DENVER – Heavy snow up to three inches an hour fell across parts of Colorado's Front Range on Saturday as people faced another blast of winter weather that could bring two feet or more to some areas by the beginning of next week.
The latest snow started in northern Colorado on Saturday afternoon and began moving south, National Weather Service meteorologist Bernie Meier said. It's expected to last through Monday.
The bands of heavy snow have been fickle, dropping more than a foot of snow in some areas overnight, while missing other areas altogether, National Weather Service meteorologist Robert Koopmeiners said Saturday. "If you get under a band, you can get a ton of snow," Koopmeiners said.
Most of the mountain snow is expected in north-central Colorado, where the Colorado Avalanche Information Center said there was already 10 inches of new snow around Steamboat Springs and six inches around Aspen and Vail.
Some grocery stores were packed on Friday as people stocked up for the weekend, emptying bins of vegetables and rows of soup.
Denver International Airport officials said 180 flights were canceled Saturday, about 12 percent of scheduled flights, before the heavy snowfall after forecasters warned up to 14 inches of snow can be expected to blanket the airport by Monday morning.
One of the biggest risks to airport visitors are the roads getting to the airport, which are getting slick and icy, airport officials said. The airport said it has snowplows, broom trucks, runway sanders, snow melters and 4,000 gallons of chemicals on hand to clear the runways for planes if the snow gets worse, as forecasters predict.
Road conditions in the Denver area became hazardous Saturday afternoon and were expected to remain a problem into Monday morning's rush hour, the Denver Post reported.
The paper said several metro municipalities declared accident alerts Saturday evening amid reports of scores of multicar collisions. A pileup with as many as 30 vehicles was reported on Colorado 93 in Arvada.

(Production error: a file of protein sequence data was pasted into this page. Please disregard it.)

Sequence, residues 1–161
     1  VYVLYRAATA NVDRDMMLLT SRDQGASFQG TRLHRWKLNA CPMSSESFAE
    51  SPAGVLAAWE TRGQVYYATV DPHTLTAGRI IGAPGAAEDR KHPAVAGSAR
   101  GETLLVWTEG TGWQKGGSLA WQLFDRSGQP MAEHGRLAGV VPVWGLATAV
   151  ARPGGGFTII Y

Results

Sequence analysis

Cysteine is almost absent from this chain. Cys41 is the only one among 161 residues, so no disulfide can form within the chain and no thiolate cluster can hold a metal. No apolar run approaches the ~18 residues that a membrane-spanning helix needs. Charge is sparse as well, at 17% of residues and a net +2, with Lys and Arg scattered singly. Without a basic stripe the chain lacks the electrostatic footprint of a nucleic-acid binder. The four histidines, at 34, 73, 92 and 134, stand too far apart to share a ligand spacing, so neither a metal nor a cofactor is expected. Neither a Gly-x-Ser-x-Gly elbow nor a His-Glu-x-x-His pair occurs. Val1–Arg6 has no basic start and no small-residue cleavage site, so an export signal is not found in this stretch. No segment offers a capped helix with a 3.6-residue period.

The Colorado Department of Transportation closed several major highways, including southbound Interstate 25 near the Wyoming state line because of multiple accidents, and U.S. 6 to the gambling casinos in Black Hawk.
The word from the Colorado Department of Transportation: Don't leave home if you don't have to venture out.
As snow accumulated in southern Colorado later Saturday, the Red Cross opened a shelter in Walsenburg, situated near Interstate 25, to aid travelers stranded by the wintry weather.
The group reported that strong winds, blinding snow and icy roads have caused hazardous driving conditions on I-25 between in the south central part of the state between Pueblo and Trinidad.
The weekend forecast didn't deter lines of skiers who headed up the mountains on Saturday to take advantage of the new snow following a so-so season. Traffic jams forced department officials to set up traffic holds so vehicles wouldn't get stuck heading up to the Interstate 70 mountain tunnels. Ski resorts say the badly needed snow is just in time for students planning their spring break.
The snowstorm was expected to hit the Front Range hard on Saturday night, with up to 14 inches of snow over much of the area. Up to 2 feet of snow is expected along the Front Range foothills by Monday, making driving treacherous.
The Colorado Department of Transportation has at least 600 snowplows on standby, with plans to stop traffic from backing up heading up steep inclines like the Eisenhower/Johnson Memorial Tunnel. Drivers are being asked to follow snowplows up the mountain if roads become too slick, especially ski traffic during the morning rush and the evening trip home for those who venture out.
Forecasters are also warning that another snowstorm is expected by the end of next week.